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Old March 5, 2013, 06:29 PM   #1
603Country
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My 22 lever guns - accuracy

I finished all my centerfire reloading and shooting and put all the stuff away. Then I got bored, so I decided to sight in both my lever guns (39A and 9422) at 50 yards. I had them sighted in at about 30 yards, but decided 50 yards would be better. Scopes on both are old Leupold 2-7, but both work fine. Both rifles shot real well, though I was more into sighting them in than measuring groups. I think the 39A will shoot 1 inch or less at 50 yards, but I don't think the 9422 will. The diff might be the triggers, since the 9422 trigger isn't as crisp, or it could be an ammo preference. Anyway, they both are fine rifles, and the skunk I missed last night had better be reallllly careful tonight.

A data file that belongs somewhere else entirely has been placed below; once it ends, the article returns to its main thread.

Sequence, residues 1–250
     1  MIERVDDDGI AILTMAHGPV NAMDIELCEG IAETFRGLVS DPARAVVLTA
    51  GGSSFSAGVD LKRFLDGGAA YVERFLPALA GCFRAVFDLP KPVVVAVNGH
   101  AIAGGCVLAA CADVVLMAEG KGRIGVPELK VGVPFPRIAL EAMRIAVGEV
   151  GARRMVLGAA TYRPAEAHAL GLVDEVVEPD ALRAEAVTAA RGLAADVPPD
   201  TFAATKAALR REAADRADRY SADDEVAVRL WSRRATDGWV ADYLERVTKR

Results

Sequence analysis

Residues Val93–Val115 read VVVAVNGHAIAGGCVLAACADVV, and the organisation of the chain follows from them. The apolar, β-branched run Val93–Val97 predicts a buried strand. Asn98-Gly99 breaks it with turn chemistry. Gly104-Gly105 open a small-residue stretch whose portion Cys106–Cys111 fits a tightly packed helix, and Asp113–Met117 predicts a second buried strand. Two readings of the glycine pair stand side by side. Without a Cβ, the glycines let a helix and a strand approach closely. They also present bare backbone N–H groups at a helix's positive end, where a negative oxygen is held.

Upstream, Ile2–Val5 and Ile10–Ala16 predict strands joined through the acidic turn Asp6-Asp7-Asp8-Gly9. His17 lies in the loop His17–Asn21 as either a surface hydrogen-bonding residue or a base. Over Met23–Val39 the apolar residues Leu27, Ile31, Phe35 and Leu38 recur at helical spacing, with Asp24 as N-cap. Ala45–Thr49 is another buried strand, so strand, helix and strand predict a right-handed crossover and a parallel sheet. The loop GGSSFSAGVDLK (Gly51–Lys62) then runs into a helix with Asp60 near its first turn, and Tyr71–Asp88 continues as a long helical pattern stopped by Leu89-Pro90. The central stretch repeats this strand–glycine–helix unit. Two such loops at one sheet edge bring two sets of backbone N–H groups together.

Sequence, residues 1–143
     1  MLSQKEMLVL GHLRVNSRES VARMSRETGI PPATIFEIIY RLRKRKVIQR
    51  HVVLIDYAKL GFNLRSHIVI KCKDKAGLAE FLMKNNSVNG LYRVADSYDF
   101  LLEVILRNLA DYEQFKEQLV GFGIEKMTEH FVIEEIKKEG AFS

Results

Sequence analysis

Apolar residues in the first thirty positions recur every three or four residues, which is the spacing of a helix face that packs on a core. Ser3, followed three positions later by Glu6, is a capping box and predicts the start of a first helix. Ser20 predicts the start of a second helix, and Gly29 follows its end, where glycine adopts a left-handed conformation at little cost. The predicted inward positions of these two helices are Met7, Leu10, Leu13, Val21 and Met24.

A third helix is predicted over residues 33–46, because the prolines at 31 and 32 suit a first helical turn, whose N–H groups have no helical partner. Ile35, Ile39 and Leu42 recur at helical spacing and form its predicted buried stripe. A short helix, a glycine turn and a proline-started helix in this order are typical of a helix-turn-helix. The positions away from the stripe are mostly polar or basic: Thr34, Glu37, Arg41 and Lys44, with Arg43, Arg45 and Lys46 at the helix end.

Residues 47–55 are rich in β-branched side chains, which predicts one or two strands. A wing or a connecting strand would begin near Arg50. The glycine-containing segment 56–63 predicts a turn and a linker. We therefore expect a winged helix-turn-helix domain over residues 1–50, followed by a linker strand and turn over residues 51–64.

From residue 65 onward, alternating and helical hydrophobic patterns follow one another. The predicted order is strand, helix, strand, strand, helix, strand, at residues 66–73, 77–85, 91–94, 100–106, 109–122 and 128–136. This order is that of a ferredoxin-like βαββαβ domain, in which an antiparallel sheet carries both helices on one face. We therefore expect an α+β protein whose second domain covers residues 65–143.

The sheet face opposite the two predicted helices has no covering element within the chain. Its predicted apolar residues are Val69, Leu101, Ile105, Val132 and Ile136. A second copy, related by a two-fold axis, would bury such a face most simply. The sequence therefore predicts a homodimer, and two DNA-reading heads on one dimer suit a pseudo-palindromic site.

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Old March 5, 2013, 07:55 PM   #2
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A Marlin 39-A should easily out shoot the Winchester due to the longer, heavier and higher quality Marlin barrel.

Marlin's Micro-groove barrels are famous for better accuracy, and the much longer barrel contributes.
There are Marlin owners who can get 1 inch groups at 100 yards with selected ammo.
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Old March 5, 2013, 09:55 PM   #3
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Kinda disappointed at your results with the 9422. I have wanted one of those for years.

I have a 39a and that gun shoots pretty darn good at 50 yards. I have had a trigger job done on it and it does not "rap" your finger like the stock one did.

I have a K6 Weaver on it and that is probably more scope than it needs.

I think I am going to swap that out for a K4.

I have not measured groups with mine but just eyeballing them, I am pleased.

I also shoot a CZ452 Trainer that WILL shoot small groups at 50 yards. That rifle really impresses.

Just from previous experience shooting skunks: Upwind is good. Downwind not so much.
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Old March 5, 2013, 10:18 PM   #4